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(Jeremy)>> You're watching Powernation!

(Jimmy)>> Today on Carcass we bring our old abandoned Chevy shop truck back to give it some upgrades. We'll show you how to add a few more horsepower to your ride by adding a mild cam and a new valve spring package to our salvage yard LS swap.

(Jeremy)>> Plus two decades of wear and tear has our interior looking dilapidated. We'll show you a quick and easy way to spruce up the interior of your vehicle. [ Music ] [ engine revving ] [ Music ]

(Jeremy)>> Alright Jimmy, straight back. That's pretty good! Hey guys, welcome to Carcass. Jimmy and I decided to bring back our little shop truck here. This is a '96 Silverado. We picked this up as an abandoned project. Didn't have an engine or transmission in it when we got it, and we did a bunch of stuff to it. If you guys are interested in how we got it to this point well this is what we've done. The truck first rolled into our shop so we could show you guys how to do some basic body work, like pulling some dents... [ slide hammer banging ] ...spreading some body filler, and how to straighten everything out. Plus, we replaced the cab corners and put everything into primer. With the popularity of these o-b-s Chevys we wanted to spice things up under the hood with an LS swap. So we headed to a local junkyard, pulled a 5-3 and a 4-L-60 out of a wrecked Suburban, and headed back to the shop. That's how you pull a junkyard motor. Once we were back we stripped down the LS, added some new parts, and sealed everything back up. With the engine swap taken care of we moved back to the outside of the truck to finish the body work. We wrapped that up with a respray back to its original factory color. The last thing we did was invite the guys in from Edelbrock to help us upgrade our stock e-c-u to a more tunable Pro Flow 4 Plus setup with a T/C trans controller as well.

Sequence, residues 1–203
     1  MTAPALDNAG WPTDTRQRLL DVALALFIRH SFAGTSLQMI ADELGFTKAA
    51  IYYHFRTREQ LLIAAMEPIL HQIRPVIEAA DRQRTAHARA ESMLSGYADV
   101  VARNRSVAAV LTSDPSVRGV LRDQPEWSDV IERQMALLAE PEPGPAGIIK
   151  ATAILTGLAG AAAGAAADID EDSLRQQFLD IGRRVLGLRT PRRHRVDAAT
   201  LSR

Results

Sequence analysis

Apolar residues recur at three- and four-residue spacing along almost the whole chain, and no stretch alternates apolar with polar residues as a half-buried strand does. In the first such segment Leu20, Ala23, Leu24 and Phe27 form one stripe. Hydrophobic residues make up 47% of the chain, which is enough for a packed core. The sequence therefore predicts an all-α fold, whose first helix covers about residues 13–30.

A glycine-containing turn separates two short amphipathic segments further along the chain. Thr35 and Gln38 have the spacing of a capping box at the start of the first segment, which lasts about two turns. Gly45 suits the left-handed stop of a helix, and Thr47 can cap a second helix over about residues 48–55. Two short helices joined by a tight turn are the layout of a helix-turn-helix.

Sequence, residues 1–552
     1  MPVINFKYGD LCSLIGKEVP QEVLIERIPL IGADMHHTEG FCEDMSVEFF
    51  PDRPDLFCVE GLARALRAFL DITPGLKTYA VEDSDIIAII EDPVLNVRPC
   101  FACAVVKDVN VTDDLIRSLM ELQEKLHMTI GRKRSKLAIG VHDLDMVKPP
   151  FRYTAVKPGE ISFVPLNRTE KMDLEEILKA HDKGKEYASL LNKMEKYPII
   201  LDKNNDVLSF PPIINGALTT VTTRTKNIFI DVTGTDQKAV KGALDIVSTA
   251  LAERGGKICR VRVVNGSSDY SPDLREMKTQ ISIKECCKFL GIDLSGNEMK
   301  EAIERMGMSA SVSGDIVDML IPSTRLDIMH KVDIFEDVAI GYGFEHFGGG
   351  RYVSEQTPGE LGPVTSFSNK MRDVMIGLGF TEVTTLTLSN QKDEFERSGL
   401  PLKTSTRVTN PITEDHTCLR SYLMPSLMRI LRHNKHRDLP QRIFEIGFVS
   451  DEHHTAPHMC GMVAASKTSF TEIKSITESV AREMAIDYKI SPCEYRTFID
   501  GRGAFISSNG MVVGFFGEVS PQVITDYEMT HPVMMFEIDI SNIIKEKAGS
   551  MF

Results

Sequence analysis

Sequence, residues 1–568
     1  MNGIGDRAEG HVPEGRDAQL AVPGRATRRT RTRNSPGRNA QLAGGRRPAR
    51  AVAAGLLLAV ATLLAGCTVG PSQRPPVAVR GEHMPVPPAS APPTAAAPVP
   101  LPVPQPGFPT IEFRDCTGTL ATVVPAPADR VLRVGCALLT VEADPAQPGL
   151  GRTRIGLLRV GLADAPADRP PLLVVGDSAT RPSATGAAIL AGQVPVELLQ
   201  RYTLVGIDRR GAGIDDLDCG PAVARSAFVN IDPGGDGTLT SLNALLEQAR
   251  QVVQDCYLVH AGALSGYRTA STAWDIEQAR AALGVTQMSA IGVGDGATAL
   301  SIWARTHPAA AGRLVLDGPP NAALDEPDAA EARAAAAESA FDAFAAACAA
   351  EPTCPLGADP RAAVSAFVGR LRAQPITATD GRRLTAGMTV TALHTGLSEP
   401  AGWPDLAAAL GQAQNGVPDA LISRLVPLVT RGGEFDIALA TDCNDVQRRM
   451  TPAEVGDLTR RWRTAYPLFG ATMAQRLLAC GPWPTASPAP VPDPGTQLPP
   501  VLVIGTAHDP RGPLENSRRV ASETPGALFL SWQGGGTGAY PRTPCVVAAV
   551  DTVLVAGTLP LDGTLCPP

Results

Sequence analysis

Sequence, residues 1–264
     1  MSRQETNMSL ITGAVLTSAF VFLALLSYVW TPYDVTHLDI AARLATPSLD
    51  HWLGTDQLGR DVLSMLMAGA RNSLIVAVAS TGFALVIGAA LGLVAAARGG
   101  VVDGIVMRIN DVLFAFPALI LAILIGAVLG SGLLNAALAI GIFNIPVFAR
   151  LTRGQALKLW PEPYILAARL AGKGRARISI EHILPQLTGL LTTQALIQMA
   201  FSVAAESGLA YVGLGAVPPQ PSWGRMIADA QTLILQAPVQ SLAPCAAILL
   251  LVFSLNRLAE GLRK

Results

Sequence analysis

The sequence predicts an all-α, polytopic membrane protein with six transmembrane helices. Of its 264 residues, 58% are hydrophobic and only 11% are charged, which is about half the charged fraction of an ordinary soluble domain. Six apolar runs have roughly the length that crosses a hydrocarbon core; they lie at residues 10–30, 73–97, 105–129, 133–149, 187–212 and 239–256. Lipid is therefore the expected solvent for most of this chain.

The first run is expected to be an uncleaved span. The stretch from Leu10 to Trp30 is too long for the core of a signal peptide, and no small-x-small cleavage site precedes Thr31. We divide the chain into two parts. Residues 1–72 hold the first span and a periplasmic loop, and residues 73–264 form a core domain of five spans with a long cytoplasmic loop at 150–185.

(Jimmy)>> And with that system we can upgrade some of the engine parts, and in this case we do want to put a different cam in this thing to wake it up a little bit, and in general some stuff we want to do to the truck to kinda spruce it up. We'd like to replace some of the exterior parts like the grille and the bumpers cause they're just worn out from over time, and also the interior is kinda beat up. So we've got some replacement parts to go in it, give it a nice stock look, but for now we do want to replace the cam. So I've got to grille off and get a bunch of stuff out of the engine bay. [ Music ] [ drill humming ]

(Jimmy)>> The main thing I'm trying to do here is just get everything out from in front of the engine. When doing a cam swap you have to have enough room to get the cam in and out. So I have to get the radiator out, all the front accessories off, and anything else out front like the a/c condenser. [ Music ] [ drill humming ] [ Music ] [ drill humming ] [ Music ] [ drill humming ] [ Music ]